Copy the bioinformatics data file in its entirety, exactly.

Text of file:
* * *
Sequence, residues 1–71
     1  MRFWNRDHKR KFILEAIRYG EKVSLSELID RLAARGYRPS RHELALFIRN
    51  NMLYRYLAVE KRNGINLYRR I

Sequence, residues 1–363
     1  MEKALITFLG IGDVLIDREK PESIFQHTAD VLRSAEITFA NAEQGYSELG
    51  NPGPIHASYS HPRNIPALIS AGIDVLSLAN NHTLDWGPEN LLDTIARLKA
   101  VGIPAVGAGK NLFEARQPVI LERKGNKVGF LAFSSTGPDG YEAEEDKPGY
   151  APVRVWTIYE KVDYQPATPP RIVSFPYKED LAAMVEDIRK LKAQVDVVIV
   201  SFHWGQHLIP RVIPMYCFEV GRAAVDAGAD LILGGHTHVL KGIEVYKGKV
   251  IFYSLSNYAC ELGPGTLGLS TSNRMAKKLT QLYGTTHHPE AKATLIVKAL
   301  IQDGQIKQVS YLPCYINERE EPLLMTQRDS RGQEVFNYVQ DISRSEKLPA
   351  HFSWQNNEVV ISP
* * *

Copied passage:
Sequence, residues 1–71
     1  MRFWNRDHKR KFILEAIRYG EKVSLSELID RLAARGYRPS RHELALFIRN
    51  NMLYRYLAVE KRNGINLYRR I

Sequence, residues 1–363
     1  MEKALITFLG IGDVLIDREK PESIFQHTAD VLRSAEITFA NAEQGYSELG
    51  NPGPIHASYS HPRNIPALIS AGIDVLSLAN NHTLDWGPEN LLDTIARLKA
   101  VGIPAVGAGK NLFEARQPVI LERKGNKVGF LAFSSTGPDG YEAEEDKPGY
   151  APVRVWTIYE KVDYQPATPP RIVSFPYKED LAAMVEDIRK LKAQVDVVIV
   201  SFHWGQHLIP RVIPMYCFEV GRAAVDAGAD LILGGHTHVL KGIEVYKGKV
   251  IFYSLSNYAC ELGPGTLGLS TSNRMAKKLT QLYGTTHHPE AKATLIVKAL
   301  IQDGQIKQVS YLPCYINERE EPLLMTQRDS RGQEVFNYVQ DISRSEKLPA
   351  HFSWQNNEVV ISP